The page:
There were reports of violations of the economic, social and cultural rights of the Lothas, a sub-tribe of the Nagas living at Yanpha village in Wokha district. The village having a population of about 1000 persons is a disputed area between Nagaland and Assam. After the 1972 Sundaram Committee Report on the Assam-Nagaland border dispute “Border Magistrates” were created by both the state governments to
address the border problem. Subsequently, the Government of India deployed the Central Reserve Police Force (CRPF) as “neutral force” and a CRPF post was established at the Yanpha village. [7]

However, instead of bringing peace the deployment of the CRPF personnel resulted in harassment and denial of economic, social and cultural rights to the Yanpha villagers.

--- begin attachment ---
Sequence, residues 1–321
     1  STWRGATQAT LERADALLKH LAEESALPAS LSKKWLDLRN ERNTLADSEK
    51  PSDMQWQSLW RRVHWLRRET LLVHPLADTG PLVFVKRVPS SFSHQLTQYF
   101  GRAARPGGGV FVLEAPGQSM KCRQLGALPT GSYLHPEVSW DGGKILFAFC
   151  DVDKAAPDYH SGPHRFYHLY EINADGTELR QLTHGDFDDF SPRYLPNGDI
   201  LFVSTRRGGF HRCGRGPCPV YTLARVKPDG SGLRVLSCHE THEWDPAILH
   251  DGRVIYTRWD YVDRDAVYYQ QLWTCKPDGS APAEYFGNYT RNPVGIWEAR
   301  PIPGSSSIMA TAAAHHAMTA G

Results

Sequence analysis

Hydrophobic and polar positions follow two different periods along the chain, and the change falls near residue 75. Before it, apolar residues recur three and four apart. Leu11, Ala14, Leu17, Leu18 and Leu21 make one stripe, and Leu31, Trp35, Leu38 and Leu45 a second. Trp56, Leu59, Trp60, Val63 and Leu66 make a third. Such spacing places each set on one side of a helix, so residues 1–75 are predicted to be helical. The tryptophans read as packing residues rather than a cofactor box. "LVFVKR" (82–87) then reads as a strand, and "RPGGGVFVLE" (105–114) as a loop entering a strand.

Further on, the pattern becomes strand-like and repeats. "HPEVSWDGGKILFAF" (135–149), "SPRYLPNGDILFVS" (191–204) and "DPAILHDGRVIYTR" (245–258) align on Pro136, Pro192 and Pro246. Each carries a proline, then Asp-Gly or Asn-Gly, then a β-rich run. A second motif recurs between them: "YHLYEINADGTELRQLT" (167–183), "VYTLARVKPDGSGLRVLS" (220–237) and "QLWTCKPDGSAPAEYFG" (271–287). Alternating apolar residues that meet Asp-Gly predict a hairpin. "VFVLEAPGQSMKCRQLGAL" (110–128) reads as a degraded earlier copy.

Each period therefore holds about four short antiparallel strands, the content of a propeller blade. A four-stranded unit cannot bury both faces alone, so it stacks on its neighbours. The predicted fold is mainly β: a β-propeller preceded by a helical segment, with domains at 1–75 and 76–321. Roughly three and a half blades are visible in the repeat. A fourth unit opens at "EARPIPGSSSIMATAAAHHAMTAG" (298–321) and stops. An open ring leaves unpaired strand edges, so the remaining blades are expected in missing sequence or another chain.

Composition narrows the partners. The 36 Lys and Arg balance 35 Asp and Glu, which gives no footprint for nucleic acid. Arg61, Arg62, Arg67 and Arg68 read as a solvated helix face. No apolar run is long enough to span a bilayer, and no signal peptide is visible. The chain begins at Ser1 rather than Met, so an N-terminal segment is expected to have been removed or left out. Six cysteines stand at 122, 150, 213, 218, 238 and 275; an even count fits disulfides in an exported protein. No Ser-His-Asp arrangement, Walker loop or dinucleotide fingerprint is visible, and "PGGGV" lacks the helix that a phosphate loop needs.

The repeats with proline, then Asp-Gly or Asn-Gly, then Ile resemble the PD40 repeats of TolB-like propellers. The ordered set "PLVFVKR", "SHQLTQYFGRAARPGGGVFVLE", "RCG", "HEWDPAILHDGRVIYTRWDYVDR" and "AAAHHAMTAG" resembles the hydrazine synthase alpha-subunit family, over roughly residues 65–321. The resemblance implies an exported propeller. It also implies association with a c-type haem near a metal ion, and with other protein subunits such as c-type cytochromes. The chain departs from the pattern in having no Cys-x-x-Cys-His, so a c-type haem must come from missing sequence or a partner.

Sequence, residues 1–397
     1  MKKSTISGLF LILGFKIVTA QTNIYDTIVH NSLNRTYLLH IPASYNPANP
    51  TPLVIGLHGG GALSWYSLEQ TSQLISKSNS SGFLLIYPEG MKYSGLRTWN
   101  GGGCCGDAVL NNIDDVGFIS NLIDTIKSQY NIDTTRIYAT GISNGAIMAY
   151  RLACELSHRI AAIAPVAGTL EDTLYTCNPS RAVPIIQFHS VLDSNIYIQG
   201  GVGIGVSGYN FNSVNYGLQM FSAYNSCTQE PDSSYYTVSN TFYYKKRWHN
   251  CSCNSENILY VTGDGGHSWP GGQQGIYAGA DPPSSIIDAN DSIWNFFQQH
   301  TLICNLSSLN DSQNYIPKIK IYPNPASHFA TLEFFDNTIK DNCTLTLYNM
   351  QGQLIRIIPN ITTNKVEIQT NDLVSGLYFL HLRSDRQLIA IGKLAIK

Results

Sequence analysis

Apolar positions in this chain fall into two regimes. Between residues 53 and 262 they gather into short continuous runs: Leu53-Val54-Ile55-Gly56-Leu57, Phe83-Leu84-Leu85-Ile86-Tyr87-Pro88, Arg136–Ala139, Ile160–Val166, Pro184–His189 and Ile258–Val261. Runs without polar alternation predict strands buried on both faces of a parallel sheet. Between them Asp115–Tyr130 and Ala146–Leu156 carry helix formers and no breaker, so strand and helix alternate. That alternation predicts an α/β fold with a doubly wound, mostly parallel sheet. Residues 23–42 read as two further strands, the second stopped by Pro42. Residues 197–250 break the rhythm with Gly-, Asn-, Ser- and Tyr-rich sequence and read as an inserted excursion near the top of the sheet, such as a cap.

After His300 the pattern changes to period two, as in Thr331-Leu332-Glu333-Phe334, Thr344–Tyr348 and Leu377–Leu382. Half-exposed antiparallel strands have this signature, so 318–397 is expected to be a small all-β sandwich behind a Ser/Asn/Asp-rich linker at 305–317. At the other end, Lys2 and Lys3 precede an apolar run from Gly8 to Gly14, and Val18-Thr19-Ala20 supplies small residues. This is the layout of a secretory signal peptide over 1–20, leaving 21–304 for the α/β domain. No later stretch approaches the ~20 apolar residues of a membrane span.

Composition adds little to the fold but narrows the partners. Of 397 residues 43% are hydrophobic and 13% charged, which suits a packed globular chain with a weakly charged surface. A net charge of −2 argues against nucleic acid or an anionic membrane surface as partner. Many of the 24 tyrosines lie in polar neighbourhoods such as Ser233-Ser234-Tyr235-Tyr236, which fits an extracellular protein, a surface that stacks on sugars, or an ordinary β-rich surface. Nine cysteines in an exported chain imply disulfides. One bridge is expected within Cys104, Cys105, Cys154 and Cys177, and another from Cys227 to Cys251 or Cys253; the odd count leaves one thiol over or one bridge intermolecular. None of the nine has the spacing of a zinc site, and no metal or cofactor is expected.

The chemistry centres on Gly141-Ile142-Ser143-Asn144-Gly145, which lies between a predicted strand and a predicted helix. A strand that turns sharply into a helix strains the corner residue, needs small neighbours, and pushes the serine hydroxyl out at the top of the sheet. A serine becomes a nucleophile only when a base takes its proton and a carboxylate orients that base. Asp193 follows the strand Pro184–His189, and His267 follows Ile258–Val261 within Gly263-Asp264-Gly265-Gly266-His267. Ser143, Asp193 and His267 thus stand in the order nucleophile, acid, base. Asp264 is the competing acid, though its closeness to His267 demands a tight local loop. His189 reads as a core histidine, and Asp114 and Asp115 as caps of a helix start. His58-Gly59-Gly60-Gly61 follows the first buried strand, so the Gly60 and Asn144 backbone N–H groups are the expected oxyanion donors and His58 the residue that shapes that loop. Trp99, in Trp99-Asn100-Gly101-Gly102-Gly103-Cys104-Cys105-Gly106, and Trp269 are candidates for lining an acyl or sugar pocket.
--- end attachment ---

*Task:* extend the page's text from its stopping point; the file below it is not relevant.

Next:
The villagers are not being allowed to build houses without getting a permit from the Border Magistrate. But even if the permit is obtained from the Border Magistrate, the CRPF personnel prevented the villagers from undertaking any construction, including toilets and approach roads under the National Rural Employment Guarantee Scheme (NREGS).

The CRPF personnel posted at Yanpha village allegedly prevented the villagers from rearing of domestic animals and poultry. Anybody found rearing domestic animals and poultry were allegedly harassed by the CRPF personnel.

The villagers were also being prevented from collecting fire wood from the nearby forests on the ground that it is a “reserved forest” although no such official notification exists. The CRPF personnel even allegedly prevented parents from sending rice and firewood to their children studying in Dimapur (one hour journey by bus from the village).